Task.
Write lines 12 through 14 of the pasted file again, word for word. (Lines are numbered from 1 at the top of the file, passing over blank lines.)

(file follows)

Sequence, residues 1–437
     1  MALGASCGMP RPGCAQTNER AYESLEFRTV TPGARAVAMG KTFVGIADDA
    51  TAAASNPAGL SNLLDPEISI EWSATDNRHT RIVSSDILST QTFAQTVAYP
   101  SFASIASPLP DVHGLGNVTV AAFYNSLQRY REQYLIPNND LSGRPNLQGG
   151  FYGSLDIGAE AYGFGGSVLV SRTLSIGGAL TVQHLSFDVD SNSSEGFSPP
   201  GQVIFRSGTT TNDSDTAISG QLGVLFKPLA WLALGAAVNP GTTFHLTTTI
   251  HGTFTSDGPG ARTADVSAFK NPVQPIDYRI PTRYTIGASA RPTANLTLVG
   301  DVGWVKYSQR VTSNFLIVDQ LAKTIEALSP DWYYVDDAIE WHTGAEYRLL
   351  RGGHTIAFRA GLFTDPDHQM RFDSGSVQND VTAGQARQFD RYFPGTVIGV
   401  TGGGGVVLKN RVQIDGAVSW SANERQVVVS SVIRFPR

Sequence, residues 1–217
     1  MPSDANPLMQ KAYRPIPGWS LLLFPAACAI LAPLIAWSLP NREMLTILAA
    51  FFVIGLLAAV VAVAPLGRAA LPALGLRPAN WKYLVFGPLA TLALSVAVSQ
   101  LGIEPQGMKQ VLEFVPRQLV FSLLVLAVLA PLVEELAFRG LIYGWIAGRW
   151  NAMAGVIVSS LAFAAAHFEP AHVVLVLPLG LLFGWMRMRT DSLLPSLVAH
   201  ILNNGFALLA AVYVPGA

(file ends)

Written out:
     1  MPSDANPLMQ KAYRPIPGWS LLLFPAACAI LAPLIAWSLP NREMLTILAA
    51  FFVIGLLAAV VAVAPLGRAA LPALGLRPAN WKYLVFGPLA TLALSVAVSQ
   101  LGIEPQGMKQ VLEFVPRQLV FSLLVLAVLA PLVEELAFRG LIYGWIAGRW